Don’t Sweat It

I am a long-term dog lady but, hon­estly, I’ve strug­gled in the dog world for many years.  I really enjoy dogs, not in a “they’re really cute and I want to pet them” way but in an “I’m com­pletely fas­ci­nated by every aspect of them and want to under­stand how they tick on a deep level” kind of way.  And I’m not just dri­ven by dogs, I love life, behav­ior, rela­tion­ships, and this mag­i­cal mirac­u­lous hurdling-through-time-and-space rock that we’re so lucky to live on.  Learn­ing about dogs is just an exten­sion of that pas­sion… a very deep extension.

I’m not a com­pet­i­tive per­son.  I don’t worry much about what peo­ple think of me and fall more into the let-it-go #Make­Li­keElsa cat­e­gory, so I’ve never really felt that I fit into the sport dog world or the, often very seri­ous (or totally the oppo­site “it’s a doggy utopia, what could pos­si­bly go wrong?”), pet dog world either.   I have always believed the best part of me with dogs to be more on the side of curios­ity, explo­ration, and play.  Once some­thing becomes about win­ning, an ends-justify-the-means sit­u­a­tion, it loses me.  Get­ting my dog to respond to me when needed to expand our free­doms always felt more like a game than a con­test, and that is the way I hope it stays.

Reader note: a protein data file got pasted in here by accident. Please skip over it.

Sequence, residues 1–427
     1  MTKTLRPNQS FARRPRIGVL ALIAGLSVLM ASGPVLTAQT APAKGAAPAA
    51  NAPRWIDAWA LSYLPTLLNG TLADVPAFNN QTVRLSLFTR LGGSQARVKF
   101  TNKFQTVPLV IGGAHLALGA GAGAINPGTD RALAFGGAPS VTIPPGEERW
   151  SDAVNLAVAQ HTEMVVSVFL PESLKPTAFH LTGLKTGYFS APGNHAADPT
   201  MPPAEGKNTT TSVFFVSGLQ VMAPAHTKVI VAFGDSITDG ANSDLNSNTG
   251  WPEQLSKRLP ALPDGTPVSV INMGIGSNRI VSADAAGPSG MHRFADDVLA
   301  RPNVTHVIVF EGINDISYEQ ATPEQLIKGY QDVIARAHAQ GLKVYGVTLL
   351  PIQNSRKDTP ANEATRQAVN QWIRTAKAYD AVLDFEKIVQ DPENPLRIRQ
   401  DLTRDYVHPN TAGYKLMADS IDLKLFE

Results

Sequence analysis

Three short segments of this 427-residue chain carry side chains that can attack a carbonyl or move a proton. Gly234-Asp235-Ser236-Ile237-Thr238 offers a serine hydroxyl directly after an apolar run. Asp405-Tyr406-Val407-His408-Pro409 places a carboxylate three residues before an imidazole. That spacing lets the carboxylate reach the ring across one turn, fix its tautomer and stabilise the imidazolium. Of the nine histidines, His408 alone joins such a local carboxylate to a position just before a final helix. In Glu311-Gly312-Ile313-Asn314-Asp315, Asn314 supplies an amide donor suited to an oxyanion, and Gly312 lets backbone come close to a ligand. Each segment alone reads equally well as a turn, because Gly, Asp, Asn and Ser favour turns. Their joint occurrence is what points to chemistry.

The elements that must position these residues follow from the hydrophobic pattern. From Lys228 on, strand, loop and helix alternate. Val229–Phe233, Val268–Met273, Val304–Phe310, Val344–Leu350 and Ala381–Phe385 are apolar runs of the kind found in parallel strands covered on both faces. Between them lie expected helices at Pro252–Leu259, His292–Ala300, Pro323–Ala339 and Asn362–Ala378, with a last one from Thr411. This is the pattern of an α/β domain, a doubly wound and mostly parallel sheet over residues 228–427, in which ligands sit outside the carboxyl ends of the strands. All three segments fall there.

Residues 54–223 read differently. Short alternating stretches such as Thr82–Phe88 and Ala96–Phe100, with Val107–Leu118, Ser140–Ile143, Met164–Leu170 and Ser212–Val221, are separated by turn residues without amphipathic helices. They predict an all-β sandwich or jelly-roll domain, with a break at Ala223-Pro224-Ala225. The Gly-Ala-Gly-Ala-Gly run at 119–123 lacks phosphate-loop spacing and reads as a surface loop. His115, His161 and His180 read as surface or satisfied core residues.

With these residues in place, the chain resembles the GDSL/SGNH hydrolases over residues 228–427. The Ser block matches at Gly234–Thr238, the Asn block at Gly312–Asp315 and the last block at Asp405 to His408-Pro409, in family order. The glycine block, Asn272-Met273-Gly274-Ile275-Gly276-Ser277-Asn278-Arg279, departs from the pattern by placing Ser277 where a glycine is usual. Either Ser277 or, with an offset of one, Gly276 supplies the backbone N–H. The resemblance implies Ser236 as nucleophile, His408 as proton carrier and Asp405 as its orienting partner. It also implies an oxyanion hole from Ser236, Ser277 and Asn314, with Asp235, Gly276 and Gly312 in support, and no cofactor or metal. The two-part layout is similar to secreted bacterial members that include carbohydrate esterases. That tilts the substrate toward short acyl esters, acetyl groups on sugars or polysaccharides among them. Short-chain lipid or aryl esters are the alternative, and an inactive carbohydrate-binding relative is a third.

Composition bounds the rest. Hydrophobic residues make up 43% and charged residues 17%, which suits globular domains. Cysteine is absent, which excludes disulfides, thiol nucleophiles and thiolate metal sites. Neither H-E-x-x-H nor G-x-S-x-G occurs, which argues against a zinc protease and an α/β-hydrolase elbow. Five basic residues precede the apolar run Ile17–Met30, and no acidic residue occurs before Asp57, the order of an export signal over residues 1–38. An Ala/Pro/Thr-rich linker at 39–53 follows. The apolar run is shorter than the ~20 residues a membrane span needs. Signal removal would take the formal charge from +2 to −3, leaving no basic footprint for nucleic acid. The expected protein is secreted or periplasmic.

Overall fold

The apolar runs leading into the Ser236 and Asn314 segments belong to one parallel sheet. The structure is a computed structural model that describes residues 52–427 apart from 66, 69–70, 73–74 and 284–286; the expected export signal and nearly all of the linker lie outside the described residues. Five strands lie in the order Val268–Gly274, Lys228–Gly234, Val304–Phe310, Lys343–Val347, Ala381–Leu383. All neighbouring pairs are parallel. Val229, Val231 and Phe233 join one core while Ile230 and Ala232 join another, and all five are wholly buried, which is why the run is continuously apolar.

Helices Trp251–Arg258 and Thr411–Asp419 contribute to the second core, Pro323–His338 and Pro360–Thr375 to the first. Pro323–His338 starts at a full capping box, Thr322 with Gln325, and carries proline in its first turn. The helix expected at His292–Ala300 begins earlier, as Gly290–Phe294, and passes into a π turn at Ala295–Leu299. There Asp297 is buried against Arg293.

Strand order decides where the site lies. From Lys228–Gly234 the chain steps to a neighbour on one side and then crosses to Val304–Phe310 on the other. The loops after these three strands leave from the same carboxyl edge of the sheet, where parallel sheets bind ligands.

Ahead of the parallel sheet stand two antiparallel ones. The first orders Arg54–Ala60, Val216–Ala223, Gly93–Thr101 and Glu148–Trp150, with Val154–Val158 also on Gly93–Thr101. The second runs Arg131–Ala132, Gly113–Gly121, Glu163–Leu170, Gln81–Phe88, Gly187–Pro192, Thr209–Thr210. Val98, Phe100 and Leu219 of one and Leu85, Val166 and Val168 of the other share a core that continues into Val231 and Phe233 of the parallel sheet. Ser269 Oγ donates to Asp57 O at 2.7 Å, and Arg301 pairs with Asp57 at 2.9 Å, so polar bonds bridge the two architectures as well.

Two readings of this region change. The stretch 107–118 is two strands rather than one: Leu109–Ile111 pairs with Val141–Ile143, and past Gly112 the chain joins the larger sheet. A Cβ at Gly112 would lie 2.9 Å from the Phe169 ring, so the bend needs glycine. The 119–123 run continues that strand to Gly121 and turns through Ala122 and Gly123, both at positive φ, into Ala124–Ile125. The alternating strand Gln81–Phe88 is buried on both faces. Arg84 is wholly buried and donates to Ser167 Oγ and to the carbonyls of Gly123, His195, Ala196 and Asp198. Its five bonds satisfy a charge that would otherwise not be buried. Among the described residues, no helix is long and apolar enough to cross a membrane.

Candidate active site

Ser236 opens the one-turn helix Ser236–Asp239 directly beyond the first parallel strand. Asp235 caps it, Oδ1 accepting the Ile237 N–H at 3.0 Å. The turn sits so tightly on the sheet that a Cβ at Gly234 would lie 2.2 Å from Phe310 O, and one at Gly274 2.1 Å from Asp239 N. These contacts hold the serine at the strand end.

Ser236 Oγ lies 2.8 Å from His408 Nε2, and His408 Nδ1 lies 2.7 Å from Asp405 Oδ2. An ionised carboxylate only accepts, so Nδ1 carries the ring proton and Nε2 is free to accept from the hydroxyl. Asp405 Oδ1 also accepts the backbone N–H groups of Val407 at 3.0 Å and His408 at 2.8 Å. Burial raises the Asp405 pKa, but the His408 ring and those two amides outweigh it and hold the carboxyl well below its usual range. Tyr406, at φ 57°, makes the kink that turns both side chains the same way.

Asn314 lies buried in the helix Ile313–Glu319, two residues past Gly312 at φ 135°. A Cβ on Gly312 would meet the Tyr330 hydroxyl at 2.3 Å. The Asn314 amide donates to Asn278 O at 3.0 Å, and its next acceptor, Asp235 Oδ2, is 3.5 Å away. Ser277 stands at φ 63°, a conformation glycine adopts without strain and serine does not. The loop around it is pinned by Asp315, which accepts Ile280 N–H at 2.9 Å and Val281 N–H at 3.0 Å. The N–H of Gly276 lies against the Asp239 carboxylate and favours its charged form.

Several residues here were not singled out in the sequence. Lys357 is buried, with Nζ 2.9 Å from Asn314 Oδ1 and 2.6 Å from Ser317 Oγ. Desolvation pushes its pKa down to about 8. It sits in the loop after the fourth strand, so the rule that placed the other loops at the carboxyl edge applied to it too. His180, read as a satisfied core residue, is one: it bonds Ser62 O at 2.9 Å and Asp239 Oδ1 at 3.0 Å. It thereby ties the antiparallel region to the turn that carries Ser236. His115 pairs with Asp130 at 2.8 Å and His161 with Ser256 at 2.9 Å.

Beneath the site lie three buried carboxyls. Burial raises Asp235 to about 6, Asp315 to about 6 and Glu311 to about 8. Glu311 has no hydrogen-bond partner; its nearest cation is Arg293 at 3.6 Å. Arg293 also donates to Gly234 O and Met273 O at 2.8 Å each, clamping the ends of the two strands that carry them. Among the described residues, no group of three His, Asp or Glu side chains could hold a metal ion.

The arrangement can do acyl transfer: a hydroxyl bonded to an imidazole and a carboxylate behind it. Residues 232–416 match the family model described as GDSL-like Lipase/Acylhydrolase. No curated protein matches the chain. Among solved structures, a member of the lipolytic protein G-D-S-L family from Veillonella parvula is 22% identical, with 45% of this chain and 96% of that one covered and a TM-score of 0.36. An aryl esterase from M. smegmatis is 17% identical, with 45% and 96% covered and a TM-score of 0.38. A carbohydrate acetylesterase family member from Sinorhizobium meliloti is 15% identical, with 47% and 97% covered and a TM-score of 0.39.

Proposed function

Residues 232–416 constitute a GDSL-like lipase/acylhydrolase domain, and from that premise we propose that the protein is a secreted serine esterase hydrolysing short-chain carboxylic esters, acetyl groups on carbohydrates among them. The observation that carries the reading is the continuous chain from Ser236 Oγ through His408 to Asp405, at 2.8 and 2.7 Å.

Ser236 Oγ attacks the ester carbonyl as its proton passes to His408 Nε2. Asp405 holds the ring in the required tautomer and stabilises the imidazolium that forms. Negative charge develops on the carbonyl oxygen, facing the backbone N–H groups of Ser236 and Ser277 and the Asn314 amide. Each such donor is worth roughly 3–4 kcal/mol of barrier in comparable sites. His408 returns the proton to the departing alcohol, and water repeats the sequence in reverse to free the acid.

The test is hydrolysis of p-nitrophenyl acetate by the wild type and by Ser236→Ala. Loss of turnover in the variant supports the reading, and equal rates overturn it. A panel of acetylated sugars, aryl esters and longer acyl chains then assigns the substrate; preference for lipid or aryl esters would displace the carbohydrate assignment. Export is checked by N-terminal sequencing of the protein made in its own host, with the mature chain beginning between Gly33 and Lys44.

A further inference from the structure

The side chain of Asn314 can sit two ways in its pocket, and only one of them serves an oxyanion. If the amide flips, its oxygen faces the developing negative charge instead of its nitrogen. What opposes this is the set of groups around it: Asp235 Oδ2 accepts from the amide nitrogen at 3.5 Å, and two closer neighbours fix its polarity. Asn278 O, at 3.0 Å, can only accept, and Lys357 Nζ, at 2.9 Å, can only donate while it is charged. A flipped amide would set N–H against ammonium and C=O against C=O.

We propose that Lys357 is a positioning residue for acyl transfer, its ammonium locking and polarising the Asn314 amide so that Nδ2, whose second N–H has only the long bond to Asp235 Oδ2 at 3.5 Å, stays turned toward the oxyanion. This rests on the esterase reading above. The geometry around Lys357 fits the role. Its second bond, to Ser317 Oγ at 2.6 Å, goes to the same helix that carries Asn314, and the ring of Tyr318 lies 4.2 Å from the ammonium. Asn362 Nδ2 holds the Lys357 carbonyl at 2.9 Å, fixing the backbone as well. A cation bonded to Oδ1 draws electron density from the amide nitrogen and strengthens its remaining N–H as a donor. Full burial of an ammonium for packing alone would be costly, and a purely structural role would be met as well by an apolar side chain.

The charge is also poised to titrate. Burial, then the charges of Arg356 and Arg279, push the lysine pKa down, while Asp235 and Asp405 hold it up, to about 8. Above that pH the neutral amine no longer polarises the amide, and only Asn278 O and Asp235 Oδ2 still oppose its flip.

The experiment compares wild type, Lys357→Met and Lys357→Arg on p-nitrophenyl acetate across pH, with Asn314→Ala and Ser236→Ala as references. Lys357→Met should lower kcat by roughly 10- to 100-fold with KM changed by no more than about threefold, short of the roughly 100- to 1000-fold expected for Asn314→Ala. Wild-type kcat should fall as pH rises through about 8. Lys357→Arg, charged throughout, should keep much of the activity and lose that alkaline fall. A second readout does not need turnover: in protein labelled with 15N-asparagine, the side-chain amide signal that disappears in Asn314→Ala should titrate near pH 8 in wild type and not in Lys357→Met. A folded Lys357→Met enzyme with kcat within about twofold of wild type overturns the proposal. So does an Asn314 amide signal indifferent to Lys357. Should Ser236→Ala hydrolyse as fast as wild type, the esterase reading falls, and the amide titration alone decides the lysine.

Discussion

There are absolutely prob­lems that are seri­ous and that is most of what I do really, “prob­lem dogs”, but I think my suc­cess in that area comes from my “oops let’s try that again” atti­tude and not from my cor­rect­ing any “wrongs”.

Resolv­ing behav­ior prob­lems is still a game, where the dog and I exper­i­ment with dif­fer­ent things until we find some­thing that works for us both.  This allows a lot of ego releas­ing, reduced stress, and made me a much bet­ter dog trainer.

I do still get rage-ey some­times with other pet pro­fes­sion­als (there’s a dif­fer­ence between let­ting go and refus­ing to embrace learn­ing and improve­ment) for the most part I am able to let it go.

So my advice is to take it a lit­tle easy with your own dog.  The thing that most hurts my heart is see­ing dog own­ers feel shame, embar­rass­ment, and guilt about their dog’s behav­ior.  In the words of myself, which I utter all too often, “it’s a dog”.  You only have a short time together on this earth, far too lit­tle time to beat your­self up about your dog’s behav­ior and much much too lit­tle time to waste energy on bur­den­some emo­tions that you could instead chan­nel that into learn­ing, grow­ing, and enjoy­ment together.

So I implore you, work your dog, build those skills, and change behav­ior, but don’t be a weirdo about it.

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